From the article:
Barbara Carlson, clad in a demure plaid flannel nightgown and a three-strand string of pearls, nibbled crustless tea sandwiches and mini-tostadas as she lounged in a white upholstered loveseat at the Lab Theater in Minneapolis’ Warehouse District.
“Let’s play ‘Have You Ever?’ ” shouted someone from the stage. “Have you ever … gone out wearing nothing but a trench coat?”
“Well, I once went to the airport wearing nothing but a fur coat,” volunteered the flamboyant media personality to a swell of approving laughter from the other 100 or so women in the audience, also sporting various exemplars of sleepwear.
Such was the confessional-sleepover atmosphere on opening night of “The Ultimate Pajama Party,” a new experiment in interactive theater that combines variety-show skits and banter with contests and games.
It’s long been a given that women purchase 70 percent of theater tickets — a fact also not lost on those behind such female-focused shows as “Girls Only: The Secret Comedy of Women,” “Menopause, the Musical” and “Church Basement Ladies.”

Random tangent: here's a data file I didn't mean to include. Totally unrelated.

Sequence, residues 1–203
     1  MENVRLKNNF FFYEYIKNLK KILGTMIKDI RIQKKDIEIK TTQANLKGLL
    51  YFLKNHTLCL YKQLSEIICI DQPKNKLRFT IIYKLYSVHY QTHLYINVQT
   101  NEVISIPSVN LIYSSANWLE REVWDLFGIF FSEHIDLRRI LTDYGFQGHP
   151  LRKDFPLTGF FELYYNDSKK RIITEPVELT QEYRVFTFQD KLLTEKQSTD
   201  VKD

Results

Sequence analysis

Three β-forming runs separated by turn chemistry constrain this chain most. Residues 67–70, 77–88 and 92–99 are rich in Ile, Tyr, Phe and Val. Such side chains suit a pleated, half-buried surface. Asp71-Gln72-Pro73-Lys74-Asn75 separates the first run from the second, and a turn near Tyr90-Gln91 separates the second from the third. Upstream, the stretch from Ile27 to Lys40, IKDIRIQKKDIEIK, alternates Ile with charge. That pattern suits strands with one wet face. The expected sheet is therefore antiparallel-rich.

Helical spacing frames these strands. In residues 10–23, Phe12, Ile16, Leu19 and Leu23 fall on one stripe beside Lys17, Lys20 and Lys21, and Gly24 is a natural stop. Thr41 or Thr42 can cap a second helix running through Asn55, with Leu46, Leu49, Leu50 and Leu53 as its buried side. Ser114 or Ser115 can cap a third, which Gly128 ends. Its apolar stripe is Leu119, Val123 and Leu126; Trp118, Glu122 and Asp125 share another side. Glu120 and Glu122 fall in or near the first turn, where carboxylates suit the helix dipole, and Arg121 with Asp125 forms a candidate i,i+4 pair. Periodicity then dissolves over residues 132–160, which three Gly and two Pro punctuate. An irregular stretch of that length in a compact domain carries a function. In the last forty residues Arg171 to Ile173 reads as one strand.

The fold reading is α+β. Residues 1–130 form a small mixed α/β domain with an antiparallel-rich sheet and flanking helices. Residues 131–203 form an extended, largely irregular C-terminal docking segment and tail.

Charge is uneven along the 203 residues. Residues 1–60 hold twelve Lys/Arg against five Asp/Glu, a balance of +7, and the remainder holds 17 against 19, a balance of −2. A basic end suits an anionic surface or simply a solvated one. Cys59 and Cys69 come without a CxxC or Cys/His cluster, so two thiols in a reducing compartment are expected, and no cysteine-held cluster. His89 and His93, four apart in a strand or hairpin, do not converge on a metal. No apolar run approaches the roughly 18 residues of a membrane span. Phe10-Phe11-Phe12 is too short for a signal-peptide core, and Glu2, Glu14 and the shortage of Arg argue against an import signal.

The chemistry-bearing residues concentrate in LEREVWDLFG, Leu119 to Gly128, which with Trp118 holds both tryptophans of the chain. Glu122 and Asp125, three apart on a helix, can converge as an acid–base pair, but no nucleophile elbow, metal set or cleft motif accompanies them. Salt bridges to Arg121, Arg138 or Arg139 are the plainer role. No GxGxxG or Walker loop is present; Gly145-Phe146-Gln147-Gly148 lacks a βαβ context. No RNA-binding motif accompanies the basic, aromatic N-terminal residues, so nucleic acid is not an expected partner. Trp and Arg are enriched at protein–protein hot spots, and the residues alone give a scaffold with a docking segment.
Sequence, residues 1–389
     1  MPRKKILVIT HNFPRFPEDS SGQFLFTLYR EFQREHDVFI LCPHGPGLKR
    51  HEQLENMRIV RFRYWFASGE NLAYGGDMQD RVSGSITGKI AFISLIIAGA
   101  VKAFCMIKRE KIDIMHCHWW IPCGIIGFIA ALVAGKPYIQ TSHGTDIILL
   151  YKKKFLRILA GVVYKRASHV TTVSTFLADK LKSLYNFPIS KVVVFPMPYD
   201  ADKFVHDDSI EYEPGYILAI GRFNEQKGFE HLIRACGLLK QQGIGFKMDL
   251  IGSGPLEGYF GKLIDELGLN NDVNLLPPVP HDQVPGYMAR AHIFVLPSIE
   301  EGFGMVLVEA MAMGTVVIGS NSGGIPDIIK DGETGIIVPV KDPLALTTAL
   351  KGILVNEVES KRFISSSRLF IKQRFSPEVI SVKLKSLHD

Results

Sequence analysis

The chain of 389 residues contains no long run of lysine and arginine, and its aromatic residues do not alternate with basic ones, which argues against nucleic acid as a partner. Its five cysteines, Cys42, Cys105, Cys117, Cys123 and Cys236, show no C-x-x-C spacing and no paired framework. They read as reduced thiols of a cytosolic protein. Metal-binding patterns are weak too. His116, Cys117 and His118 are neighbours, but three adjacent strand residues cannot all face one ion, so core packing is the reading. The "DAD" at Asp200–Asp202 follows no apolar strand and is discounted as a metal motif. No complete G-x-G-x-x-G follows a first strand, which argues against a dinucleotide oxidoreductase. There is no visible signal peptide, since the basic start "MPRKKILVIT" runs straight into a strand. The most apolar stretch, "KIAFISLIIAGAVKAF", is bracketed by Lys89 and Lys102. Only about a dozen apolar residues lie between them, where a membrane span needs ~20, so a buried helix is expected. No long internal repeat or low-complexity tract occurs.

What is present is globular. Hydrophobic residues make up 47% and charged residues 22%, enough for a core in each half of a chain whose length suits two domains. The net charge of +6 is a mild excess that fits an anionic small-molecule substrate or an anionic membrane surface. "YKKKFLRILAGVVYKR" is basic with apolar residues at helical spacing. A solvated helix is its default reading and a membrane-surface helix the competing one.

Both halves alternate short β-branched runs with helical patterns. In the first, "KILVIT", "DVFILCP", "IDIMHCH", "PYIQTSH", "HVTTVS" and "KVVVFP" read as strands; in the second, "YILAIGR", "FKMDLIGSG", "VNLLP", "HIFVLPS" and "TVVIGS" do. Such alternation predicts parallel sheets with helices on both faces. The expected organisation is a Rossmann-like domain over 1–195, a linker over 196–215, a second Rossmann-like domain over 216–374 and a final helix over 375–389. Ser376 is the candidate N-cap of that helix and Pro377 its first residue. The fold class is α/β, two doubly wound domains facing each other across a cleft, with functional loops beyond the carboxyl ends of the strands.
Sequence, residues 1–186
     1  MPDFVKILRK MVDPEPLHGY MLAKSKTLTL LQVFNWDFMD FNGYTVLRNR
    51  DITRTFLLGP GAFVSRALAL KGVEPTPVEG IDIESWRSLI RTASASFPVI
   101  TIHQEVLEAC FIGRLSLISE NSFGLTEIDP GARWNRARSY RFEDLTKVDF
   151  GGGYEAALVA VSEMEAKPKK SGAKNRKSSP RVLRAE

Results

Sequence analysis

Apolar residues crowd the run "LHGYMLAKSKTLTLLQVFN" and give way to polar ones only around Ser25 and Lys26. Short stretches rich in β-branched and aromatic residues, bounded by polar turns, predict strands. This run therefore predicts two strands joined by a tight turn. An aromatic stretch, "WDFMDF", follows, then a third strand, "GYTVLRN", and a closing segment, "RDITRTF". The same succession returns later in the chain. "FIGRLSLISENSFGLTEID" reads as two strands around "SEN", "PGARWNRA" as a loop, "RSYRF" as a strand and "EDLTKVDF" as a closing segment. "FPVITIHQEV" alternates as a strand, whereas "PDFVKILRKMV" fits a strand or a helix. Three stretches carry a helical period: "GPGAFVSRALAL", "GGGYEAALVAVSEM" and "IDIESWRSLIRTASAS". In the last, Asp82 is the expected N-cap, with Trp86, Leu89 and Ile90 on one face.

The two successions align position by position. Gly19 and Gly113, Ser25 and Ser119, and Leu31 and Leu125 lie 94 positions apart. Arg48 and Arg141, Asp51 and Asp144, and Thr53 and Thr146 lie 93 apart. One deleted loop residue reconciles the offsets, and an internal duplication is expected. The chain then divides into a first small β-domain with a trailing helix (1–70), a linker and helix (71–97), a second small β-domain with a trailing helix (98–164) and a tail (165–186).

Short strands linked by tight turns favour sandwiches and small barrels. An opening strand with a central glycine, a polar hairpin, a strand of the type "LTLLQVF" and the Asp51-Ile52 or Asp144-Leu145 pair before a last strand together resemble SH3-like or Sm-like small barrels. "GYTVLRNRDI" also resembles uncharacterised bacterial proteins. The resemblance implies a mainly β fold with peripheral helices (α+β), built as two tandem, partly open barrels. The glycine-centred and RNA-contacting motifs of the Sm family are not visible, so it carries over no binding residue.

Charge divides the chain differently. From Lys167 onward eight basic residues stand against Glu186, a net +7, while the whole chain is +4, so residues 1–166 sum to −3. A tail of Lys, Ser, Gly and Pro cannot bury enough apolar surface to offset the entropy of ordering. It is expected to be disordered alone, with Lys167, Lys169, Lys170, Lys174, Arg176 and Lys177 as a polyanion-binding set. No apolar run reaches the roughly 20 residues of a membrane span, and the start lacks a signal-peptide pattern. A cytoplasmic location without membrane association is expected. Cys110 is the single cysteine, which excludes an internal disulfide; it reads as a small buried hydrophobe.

And plays by and/or about women make money. While men write 80 percent of produced theatrical work, Broadway plays written by women earn on average 18 percent more than those written by men, according to a recent Princeton study.
Marketers of other types of events are also zeroing in on female ticket buyers, such as “Fire of Hope: A Girlfriends’ Getaway for God,” a weekend event held earlier this month at the State Theatre.
“Pajama Party” also targets packs of middle-aged women. But it amps up the girlfriend experience by getting the audience in on the action while encouraging tweeting, photo-taking and strolls to the bar mid-performance. Tickets are $69 for regular seating, and $99 for a “VIP” lounge up front, including cabana-boy — yes, you heard right — table service and, if you’re so inclined, foot massages.